“The museum was always lorded over you as an inner-city kid, especially if you’re from a public school in Baltimore,” says Hamza Walker, associate curator and director of education at the Renaissance Society. Looking at objects from distant cultures as a child, he says, he’d often find himself wondering what to think. “What am I supposed to learn from this goddamn spoon, or this marble bust, or this Brueghel painting? What is it trying to say? Maybe I wasn’t getting anything, but even an antagonistic stance can be healthy.” He didn’t know about Chinese culture or African culture in these periods. “But I wondered, can I unlock what is held within this carved spoon? Maybe not, and that’s OK.”
Walker joined the Renaissance Society staff in 1994, after working at Urban Gateways and Chicago’s Public Art Program and cocurating exhibits at Randolph Street Gallery. His current curatorial effort, “All the Pretty Corpses,” juxtaposes eight artists whose work reflects goth culture; Walker writes in his catalog essay “that the dark side may well be upon us, and that ours is an era of Good versus Evil.” He calls Kacy Maddux’s elegant, bizarre drawings–showing humanlike shapes with organs but no heads–posthuman, suggesting that they question the head as the seat of consciousness. John Espinosa’s sculpture 150 % consists of two stuffed deer fused with hairless black “shadows” of their bodies. They lock “antlers” in an explosive angular form between them. Social themes are prominent, as they have been in most of Walker’s shows. Steven Shearer did an Internet search for “death metal bands” to find words to rearrange for his Poems, two ten-foot-high all-text wall paintings. Walker says that Shearer’s “incredibly crude phrases, like ‘suck my unholy vomit,'” are “inversions of positivist spiritual values, a response to the idea that the Christian right has a monopoly over moral values.” Two of Sterling Ruby’s three large faux-agitprop panels, installed at the show’s entrance, include texts mysteriously advocating for “the amorphous law” while the third includes images of genitalia.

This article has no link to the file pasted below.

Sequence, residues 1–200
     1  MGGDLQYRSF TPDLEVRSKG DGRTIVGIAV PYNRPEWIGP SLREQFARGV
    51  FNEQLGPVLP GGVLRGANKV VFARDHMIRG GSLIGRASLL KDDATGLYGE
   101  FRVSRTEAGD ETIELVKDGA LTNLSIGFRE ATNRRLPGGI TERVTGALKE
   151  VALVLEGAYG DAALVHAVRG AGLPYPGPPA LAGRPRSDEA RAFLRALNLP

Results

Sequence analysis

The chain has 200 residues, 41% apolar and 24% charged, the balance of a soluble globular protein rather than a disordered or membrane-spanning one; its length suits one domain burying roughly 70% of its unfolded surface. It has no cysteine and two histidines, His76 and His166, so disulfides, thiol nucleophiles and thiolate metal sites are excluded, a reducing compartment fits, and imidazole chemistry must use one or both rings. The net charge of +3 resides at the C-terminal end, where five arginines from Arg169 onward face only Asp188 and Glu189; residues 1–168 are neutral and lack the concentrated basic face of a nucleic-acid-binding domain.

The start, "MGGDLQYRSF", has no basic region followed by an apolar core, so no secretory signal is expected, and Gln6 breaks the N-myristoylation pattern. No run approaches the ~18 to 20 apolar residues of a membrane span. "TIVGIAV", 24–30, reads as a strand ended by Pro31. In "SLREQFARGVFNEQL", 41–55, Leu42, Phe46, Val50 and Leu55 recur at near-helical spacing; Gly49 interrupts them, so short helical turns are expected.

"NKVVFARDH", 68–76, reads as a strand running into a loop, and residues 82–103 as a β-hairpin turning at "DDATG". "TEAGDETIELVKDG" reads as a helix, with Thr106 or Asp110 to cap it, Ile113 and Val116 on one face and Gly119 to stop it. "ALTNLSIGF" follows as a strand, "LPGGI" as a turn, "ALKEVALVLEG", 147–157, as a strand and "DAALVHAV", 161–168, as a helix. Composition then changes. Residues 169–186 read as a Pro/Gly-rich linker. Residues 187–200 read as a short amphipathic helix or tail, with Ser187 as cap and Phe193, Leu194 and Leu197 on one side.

The son of a jazz drummer, Walker hung out in clubs when his dad played, and he did some drumming himself. Going to punk clubs as a teenager, he became aware of punk’s relationship to “the bloated youth culture of the 60s. I’ve always had an interest in youth counter- and subcultures.” He moved to Chicago in 1984 to attend the University of Chicago, spending one quarter in his sophomore year in France and Ireland. “It was total cultural saturation in my first experience of a place more than 400 years old. Everything was so overwhelming, from the Bayeux tapestries to the apple-and-almond tart I had when I first got there. In Dublin I saw the Book of Kells–the mack daddy of illuminated manuscripts.” Back at the U. of C., he discovered that the art-history sequence ended in the 1920s. But the school did bring German contemporary-art historian Benjamin Buchloh in to teach during Walker’s third year. “His lectures were painfully dense–and brilliant. One on negational strategy that included things like Rauschenberg’s erased de Kooning drawing was mind-blowing. I understood that avant-garde art was questioning the museum’s authority.”
Two key exhibits also helped get Walker interested in contemporary art. In college he saw a Mike Kelley show at the Renaissance Society that included one of John Wayne Gacy’s clown paintings, and much before that, the Baltimore Museum of Art installed a Bruce Nauman neon sculpture on its facade. “‘Silence,’ ‘violins,’ and ‘violence’ flashed in succession. It was the coolest. I didn’t know it was a work of art, but you see this in middle school, you don’t forget it–the ideas of silence being broken by violence, or of the violin as an instrument of torture.” Walker says he doesn’t think of his own exhibits as confrontational. But reminded of how important these shows were to him, he replies, “You got me.”
Working with artists is the “high” of curating, Walker says–“discussing the larger world with them, and art as a place where we might try to make meaning and sense of the present. I have a deep belief in museums as a place where we reflect on what and who we are. The present may or may not achieve legibility through its art, but even a failure would be saying something–that the present is incredibly heterogeneous and may not make sense to us.”
All the Pretty Corpses
When: Through Fri 12/23
Where: Renaissance Society, 5811 S. Ellis, 4th fl.
More: Eileen Luhr gives a lecture on Christian metal and punk subcultures Sun 12/11, 2 PM.
Art accompanying story in printed newspaper (not available in this archive): photo/Joeff Davis.